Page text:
THE TRAVELLING PLAYERS (Theodoros Angelopoulos, 1975)

Members of the nouvelle vague had started out as film critics; in the 1970s another film critic, and before that a lawyer, emerged as a new visionary in world cinema: Greece’s premier film artist, Theodoros Angelopoulos. Angelopoulos began developing the style—patient, soulful, analytical, political, and charged with profound, unsentimental emotion—which has become, in fact, the signature style of European filmmaking. O Thiasos is a tremendous achievement, a detailed political analysis of a brace of Greek history, including the Greek Civil War, spun around the experience—out of Ingmar Bergman’s The Seventh Seal (1956)—of an itinerant acting troupe. These observers of the crises in their midst by fits and starts undergo a process of political understanding and radicalization once their enclosed self-definition as troupe yields to a wider national definition.
     Much of the action revolves around the interplay between the reality that troupe members find themselves in, including homegrown fascism, Nazi occupation, liberation and Allied occupation, and a popular 19th-century play that the troupe keeps trying to perform, Golfo, the Shepherdess. It is an often tragic interplay, a meditation on the cost of being Greek in the years 1939-1952, beginning with a mid-point in the dictatorship of General Ioannis Metaxas, and proceeding through the dark days of civil war between government troops and Communist guerrillas. Indeed, troupe members recall characters in the ancient Greek trilogy by Æschylus, the Oresteia. Angelopoulos’s film, then, is a fractious portrait of Greek history and a national spiritual epic, for an impetus towards embracing a national identity survives and transcends the fractiousness. The intermittent performances of the play, with their shifted role assignments, accumulate into a metaphor for this Greek spirit.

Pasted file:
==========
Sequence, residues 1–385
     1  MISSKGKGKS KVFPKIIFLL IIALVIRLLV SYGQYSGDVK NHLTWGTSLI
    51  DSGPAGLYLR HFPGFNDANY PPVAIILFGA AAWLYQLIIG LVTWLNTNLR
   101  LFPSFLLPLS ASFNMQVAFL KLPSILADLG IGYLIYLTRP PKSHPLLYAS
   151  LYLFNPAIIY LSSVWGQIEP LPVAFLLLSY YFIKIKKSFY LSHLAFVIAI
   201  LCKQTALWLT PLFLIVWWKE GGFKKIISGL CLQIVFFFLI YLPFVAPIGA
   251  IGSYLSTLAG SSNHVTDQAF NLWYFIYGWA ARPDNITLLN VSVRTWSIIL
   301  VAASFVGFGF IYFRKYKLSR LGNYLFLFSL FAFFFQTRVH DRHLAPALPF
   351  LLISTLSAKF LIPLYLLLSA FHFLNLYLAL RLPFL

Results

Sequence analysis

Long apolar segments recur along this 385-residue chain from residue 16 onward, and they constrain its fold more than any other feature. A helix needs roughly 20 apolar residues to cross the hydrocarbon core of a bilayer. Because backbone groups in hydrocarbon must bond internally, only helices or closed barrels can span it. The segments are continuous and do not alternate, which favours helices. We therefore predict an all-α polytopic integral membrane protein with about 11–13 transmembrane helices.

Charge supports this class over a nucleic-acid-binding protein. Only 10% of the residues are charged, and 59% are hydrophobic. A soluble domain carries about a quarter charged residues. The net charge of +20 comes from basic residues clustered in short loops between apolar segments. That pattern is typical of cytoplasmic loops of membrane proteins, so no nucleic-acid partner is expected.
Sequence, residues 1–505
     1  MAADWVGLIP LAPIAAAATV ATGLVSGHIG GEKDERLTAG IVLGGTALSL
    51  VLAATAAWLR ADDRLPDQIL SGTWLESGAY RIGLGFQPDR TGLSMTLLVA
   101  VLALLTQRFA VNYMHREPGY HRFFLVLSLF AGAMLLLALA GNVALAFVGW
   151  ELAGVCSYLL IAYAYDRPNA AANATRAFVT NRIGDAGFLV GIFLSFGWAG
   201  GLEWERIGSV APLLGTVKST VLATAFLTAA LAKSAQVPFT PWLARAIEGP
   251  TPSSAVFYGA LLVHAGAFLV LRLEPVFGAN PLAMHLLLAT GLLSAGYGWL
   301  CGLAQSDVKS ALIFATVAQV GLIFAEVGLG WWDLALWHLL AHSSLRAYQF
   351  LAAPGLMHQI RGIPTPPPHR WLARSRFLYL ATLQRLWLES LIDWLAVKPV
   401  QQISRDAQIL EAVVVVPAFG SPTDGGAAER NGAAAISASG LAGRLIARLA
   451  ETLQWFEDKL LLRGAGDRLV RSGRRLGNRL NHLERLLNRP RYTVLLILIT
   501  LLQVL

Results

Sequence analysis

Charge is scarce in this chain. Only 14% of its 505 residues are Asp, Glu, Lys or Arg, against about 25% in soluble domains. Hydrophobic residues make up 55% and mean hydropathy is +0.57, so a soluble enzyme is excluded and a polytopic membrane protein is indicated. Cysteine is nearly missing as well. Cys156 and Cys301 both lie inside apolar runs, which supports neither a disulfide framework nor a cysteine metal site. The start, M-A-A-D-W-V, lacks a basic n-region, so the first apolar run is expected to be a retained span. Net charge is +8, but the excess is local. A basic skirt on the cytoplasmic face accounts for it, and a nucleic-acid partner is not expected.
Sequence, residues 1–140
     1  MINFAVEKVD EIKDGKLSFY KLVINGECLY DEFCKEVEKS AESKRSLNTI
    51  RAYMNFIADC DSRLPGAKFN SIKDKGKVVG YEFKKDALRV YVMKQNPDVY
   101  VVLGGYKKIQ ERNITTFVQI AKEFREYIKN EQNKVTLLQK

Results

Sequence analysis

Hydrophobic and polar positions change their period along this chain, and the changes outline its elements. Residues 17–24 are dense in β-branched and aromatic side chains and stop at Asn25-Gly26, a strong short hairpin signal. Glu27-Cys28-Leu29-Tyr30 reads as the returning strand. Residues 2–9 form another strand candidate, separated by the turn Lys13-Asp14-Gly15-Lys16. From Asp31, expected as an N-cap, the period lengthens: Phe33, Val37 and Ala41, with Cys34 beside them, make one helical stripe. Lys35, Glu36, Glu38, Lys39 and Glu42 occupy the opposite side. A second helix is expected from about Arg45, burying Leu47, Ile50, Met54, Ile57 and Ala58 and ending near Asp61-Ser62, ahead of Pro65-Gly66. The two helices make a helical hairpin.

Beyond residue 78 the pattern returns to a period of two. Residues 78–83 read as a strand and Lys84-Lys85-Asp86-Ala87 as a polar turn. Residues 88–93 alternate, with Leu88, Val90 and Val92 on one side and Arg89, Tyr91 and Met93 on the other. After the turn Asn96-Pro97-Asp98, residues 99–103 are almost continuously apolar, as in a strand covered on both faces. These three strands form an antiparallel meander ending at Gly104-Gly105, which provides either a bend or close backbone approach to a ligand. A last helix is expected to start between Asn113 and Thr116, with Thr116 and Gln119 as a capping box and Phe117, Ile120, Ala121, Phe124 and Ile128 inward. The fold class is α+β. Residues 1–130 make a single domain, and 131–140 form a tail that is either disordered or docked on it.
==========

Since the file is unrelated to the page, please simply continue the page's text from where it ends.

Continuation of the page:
Slow, solemn, cumulatively powerful, the film justifies the adjective so often applied to Angelopoulos’s work: hypnotic.

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